Among the many notable obituaries of 2016, one that caught our eye was Whitney Smith’s in The Economist (here). Whitney Smith was the world’s greatest expert on flags, or ‘vexillology’ – a term which he coined, derived from the Latin for a military standard.
Dating back at least 5,000 years, flags are in many ways precursors to modern brands: a flag is no more a simple indicator of a state than a trade mark is a simple indicator of origin – both come freighted with the values, causes and cultures that the flag or the brand represents.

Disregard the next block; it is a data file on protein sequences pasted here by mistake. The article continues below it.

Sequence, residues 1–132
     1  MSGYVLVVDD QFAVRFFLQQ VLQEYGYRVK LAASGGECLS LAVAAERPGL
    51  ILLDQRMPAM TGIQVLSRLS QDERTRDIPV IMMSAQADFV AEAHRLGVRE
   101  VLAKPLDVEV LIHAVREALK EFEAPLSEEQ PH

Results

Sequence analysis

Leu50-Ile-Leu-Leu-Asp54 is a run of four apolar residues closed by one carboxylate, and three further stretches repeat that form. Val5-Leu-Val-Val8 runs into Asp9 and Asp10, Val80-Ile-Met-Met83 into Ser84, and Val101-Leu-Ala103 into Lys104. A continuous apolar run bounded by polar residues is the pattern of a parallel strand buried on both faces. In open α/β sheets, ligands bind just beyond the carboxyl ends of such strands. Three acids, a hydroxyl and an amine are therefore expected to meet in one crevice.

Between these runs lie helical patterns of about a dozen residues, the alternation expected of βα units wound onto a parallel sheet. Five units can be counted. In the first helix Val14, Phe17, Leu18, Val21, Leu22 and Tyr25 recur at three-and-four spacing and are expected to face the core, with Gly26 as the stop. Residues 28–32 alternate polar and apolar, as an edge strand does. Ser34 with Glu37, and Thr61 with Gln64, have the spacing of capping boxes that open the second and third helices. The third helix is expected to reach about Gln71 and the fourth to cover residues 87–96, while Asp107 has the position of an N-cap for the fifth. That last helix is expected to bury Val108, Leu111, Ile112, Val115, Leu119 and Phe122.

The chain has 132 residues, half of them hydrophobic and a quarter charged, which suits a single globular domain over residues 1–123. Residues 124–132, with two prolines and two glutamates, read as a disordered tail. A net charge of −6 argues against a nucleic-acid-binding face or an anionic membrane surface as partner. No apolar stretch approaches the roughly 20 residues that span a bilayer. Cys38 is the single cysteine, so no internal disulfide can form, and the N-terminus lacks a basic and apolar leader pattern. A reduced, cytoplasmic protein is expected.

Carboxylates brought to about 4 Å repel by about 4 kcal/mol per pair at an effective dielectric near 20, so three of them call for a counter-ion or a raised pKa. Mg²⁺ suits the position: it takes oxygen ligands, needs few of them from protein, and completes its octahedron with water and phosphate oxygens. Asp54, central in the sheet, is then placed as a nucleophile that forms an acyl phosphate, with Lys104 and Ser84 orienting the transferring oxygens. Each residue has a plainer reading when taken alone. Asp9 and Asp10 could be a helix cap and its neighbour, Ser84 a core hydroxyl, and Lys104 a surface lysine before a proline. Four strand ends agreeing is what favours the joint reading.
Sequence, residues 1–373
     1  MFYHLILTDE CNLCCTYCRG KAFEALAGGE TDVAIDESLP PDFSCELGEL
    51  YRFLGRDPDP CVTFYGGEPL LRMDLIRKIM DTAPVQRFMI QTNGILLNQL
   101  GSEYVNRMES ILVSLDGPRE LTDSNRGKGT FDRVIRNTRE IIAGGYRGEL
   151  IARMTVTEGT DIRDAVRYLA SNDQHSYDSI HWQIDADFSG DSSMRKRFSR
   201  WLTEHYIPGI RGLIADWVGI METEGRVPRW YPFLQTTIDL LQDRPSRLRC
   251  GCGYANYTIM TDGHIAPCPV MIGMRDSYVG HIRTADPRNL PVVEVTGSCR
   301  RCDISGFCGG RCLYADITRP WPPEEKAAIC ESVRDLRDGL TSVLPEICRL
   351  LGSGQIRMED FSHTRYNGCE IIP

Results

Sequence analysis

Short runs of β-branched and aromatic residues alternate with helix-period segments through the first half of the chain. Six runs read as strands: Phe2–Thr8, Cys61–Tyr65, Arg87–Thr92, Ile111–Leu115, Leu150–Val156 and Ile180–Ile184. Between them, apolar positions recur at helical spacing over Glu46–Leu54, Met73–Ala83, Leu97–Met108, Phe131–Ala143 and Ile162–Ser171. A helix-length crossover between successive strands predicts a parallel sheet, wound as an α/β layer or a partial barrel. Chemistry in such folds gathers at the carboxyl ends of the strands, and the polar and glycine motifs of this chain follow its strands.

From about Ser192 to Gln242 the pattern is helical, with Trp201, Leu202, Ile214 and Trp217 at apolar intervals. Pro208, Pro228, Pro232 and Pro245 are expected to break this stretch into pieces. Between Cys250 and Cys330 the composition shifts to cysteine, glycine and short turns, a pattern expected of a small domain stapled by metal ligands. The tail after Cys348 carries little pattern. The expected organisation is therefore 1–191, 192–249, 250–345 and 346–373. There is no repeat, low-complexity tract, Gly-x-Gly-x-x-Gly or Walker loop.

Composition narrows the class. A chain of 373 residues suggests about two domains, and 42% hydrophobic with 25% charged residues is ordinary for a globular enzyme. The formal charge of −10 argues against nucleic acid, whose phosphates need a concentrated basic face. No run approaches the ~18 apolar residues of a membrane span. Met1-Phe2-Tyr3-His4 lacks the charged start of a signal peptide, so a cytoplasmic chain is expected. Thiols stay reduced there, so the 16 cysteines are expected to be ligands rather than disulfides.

And, of course, flags and brands are both symbols which are protected by law, with provisions regulating how flags may or may not be used in registered trade marks. It’s an area of the law which doesn’t get much attention, but in the light of the political upheavals and growing nationalism of 2016, perhaps now more than ever we need to understand how these potent symbols shape – and are shaped by – our laws and culture.